WATCH: One of the 13 Dalhousie dentistry students involved in the Facebook controversy has spoken out against his fellow classmates. Ross Lord has the story.
HALIFAX – One of the Dalhousie University dentistry students who was a member of a controversial Facebook group has come forward.
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In a video interview posted Sunday on the website of the Chronicle Herald newspaper in Halifax, Ryan Millet explained why he blew the whistle on his fellow classmates.
He said there were “foolish, boyish” posts, but nothing as offensive as the violent and misogynistic posts from the “DDS Gentlemen’s Club” Facebook group publicized in December that led to the university to suspend Millet and 12 other fourth-year dentistry students from clinical activities.
READ MORE: Dalhousie students in Facebook scandal won’t attend classes with classmates
“The extreme inappropriateness and disturbing nature of the specific ‘hate post’ that eventually came out — there was nothing of that insane level that caught my eye,” he said in the video, which was recorded as he sat next to his lawyer, Bruce MacIntosh.
Millet, 29, said he was added to the group, which was created in 2011, and had previously reported posts directly to Facebook to have them removed.
Some have pushed for an external investigation into the scandal, while an academic and professional standards committee will review the clinical suspensions handed out to the students.
Following a senate meeting Monday afternoon that was not open to the public, Dalhousie president Richard Florizone said the university is now considering having an external presence on the committee for each of the hearings for the dentistry students.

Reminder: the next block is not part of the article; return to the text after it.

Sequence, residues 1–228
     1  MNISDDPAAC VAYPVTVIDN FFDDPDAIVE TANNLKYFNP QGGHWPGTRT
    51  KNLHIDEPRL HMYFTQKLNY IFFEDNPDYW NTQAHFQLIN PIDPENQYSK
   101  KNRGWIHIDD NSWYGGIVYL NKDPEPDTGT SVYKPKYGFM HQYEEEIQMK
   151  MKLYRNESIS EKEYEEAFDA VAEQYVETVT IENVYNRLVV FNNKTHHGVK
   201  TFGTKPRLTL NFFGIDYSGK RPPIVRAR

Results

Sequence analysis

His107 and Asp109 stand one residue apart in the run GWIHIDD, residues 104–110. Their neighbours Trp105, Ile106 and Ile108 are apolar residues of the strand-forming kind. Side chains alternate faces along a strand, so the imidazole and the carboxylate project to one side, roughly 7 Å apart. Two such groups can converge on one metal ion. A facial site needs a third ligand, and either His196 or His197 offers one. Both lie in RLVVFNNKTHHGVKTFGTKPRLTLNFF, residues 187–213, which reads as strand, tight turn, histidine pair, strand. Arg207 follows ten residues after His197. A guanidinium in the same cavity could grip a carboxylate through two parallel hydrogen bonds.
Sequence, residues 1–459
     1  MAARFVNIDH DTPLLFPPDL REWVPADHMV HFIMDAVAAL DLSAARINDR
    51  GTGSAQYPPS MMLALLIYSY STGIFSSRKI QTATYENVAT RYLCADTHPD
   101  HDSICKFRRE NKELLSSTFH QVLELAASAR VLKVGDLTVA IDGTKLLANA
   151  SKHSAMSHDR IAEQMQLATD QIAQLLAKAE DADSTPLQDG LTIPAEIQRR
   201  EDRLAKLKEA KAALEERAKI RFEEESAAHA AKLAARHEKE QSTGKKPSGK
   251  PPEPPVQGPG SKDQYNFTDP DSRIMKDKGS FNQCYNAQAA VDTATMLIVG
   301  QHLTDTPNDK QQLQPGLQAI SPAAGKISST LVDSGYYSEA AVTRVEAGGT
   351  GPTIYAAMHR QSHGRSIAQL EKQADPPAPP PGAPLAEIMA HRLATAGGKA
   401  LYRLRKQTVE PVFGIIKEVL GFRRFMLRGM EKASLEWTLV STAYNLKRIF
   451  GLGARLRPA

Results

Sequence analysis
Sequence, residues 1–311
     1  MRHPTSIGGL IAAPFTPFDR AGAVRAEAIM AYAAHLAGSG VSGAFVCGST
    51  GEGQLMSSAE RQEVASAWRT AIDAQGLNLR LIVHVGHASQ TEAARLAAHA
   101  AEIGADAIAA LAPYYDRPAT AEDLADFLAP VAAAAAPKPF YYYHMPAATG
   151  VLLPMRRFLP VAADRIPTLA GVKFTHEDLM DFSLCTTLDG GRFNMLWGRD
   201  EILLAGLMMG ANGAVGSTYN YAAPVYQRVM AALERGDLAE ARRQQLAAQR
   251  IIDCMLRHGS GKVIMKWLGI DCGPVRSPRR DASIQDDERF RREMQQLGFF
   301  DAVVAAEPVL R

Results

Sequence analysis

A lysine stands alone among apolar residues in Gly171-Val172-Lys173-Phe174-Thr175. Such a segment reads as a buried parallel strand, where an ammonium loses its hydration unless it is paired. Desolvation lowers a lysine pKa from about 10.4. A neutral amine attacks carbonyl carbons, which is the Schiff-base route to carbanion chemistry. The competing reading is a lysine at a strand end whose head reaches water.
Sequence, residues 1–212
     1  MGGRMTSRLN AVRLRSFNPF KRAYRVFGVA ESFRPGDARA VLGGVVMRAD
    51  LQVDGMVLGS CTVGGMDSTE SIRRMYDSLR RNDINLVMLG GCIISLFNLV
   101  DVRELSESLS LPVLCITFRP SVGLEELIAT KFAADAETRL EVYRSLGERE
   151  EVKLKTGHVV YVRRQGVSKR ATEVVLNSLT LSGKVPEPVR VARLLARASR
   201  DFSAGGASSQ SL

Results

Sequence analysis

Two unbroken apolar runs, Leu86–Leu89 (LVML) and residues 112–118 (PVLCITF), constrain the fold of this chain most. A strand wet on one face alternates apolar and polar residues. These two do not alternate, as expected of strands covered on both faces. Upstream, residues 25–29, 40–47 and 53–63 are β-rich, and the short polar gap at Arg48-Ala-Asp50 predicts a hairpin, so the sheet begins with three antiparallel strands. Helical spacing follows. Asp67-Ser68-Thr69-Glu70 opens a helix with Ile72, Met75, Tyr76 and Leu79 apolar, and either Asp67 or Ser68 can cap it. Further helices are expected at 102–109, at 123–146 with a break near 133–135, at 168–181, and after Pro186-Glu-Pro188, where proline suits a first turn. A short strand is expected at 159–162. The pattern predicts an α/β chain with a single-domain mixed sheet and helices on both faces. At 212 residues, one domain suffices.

Dalhousie Student Union vice-president Jacqueline Skiptunis said the closed-door nature of the senate meeting was unprofessional and showed the university was lacking transparency.
The students have been permitted to attend classes remotely, but cannot graduate without sufficient clinical hours.
MacIntosh told Global News in an email that his client would not be speaking to the media until after a disciplinary hearing on Tuesday night, where Millet will share his side of the story with the university. He said Millet had made a decision to focus on his studies and preparation for the hearing.
In a separate three-page public letter, MacIntosh said Millet wants to clear his name and move on with his career. He said Millet and his classmates have been “publicly pilloried and secretly convicted, without due process or the right to be heard.”
Read the full letter sent to Global News from Ryan Millet’s lawyer:
View this document on Scribd
He said Millet left the Facebook group after a “repugnant hate ballot” was posted and gave a female friend access to his account in order to collect evidence for a complaint.
In a public letter of apology Millet wrote dated Dec. 18, 2014, he explains how “eternally sorry” he is to the alleged victims, who “deserve far more respect.” To the members of the “DDS Gentlemen’s Club” Facebook group, Millet wrote he apologizes “for not stepping in sooner and stopping this.”
Read Ryan Millet’s apology letter:
View this document on Scribd
READ MORE: Restorative justice: Will it work in the Dalhousie Facebook scandal?
The newspaper story stated Millet was the only one of the 13 accused students to opt out of the university’s restorative justice process. Some female students had previously come forward and said they felt the university had forced them into the process, which was discouraging them from pursuing a formal complaint.
A formal complaint filed by four professors was rejected by the university on the grounds that a restorative justice process was being pursued.
Halifax Regional Police said last week they had received material from Dalhousie pertaining to the Facebook group and found no reason to launch a criminal investigation into the matter.
With files from Marieke Walsh, Global News